When you begin to make plans to have an estate auction or sale, make sure that you and or members of your family are the appointed survivors of the estate. Legally, only the person or people the estate has been left to can sell the items.

Know the difference between an estate sale and auction

Estate sales function almost as if they are a tag sale, where each item is priced accordingly prior to the sale. At an estate auction there is an auctioneer who sells the item to the highest bidder. Sometimes when there are multiple people involved in dividing up an estate, things can get complicated.

Things can be become harrier if people aren’t on the same page about how items should be divided or if family members have been estranged.

What to do if you need funds sooner

Sometimes when you are dealing with these kinds of difficult life circumstances, you may need to generate funds faster than you may be able to hold an estate auction. One solution to that problem could be to consign specific items from the estate to an auction.

Rather than waiting for the item to sell at auction, you can work with a company like Borro, to get funds in advance of it being sold. This is what’s referred to as a Sale Advance Loan.

Do your homework

If you decide to go the route of hiring a company to assist you with your auction or sale, do your homework.  Make sure you are working with a reputable company who is insured, licensed, and bonded. This is important to protect you against any potential damages that could occur. Getting referrals from people who have used a company previously can also be a way to go.

Estate Auction - Silver Bowl
Daniel Christian Fueter (1720–1785), Silver Sugar Bowl. Gift of The Estate of Esther and Samuel Schwartz, Paterson, N.J., 2007 Source: The Met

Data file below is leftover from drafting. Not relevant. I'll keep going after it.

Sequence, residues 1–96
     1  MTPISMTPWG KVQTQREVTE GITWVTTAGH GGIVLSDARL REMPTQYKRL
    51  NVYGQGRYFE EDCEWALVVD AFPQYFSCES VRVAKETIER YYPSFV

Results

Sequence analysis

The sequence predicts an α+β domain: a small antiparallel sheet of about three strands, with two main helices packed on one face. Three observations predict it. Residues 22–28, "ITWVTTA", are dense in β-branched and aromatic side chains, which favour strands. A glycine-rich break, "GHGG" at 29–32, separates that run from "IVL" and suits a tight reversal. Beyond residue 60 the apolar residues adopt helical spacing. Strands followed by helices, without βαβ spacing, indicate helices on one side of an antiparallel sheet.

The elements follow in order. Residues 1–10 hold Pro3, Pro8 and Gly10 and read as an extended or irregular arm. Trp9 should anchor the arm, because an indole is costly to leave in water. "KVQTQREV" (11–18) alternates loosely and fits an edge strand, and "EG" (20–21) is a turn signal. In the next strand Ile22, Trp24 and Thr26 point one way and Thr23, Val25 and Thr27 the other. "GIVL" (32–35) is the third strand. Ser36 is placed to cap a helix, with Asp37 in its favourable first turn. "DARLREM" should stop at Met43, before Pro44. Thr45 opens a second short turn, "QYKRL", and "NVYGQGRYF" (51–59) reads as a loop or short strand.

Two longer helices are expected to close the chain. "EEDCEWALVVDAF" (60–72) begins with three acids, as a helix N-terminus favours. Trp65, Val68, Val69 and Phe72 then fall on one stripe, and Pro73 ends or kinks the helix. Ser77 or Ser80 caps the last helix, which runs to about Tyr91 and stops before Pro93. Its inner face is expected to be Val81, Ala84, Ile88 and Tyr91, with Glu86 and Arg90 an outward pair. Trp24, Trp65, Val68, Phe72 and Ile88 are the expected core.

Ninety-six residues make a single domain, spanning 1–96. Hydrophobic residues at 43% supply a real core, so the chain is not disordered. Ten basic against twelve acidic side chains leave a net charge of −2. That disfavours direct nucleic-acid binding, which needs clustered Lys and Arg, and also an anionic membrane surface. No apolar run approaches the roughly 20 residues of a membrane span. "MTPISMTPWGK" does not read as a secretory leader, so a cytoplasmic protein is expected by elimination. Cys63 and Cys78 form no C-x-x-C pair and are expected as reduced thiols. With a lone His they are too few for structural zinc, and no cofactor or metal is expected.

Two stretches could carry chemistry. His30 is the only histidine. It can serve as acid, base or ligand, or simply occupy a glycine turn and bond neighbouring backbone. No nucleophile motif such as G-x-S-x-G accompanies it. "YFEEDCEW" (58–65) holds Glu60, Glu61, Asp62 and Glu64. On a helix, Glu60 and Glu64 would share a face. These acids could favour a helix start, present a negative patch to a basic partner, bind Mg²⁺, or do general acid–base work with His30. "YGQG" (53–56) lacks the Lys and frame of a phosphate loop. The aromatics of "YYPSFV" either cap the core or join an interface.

Don’t throw items away before are looked at or appraised

If you are unsure of an item’s value, leave it to the professionals to figure it out. You never know what might interest a potential buyer, so when going through your loved one’s belongings, its best to save everything for the sale or auction.

Something that you may think is junk, could be a collector’s item and there is no way to know unless it is properly looked at.

Have realistic goals

While an estate auction or sale can generate a lot of money, be realistic about it. You never know how much money you will make over the course of your sale or auction, so by having no expectations about a final sales total, it will leave you happier in the end.

Arming yourself with this information can help the process of organizing your estate auction or sale easier. Although it seems like a lot to take on for a short one to three-day event, it will likely turn a profit and help ease some of the financial strain you may experience.

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About the Author:

Anni Irish has been a contributing writer to several online publications including Boston based publication, The Dig, New York Arts Magazine, and ArteFuse among others. She holds a BFA from the School of the Museum of Fine Arts/Tufts University, an MA in Gender and Cultural Studies from Simmons College, and an MA in Performance Studies from New York University.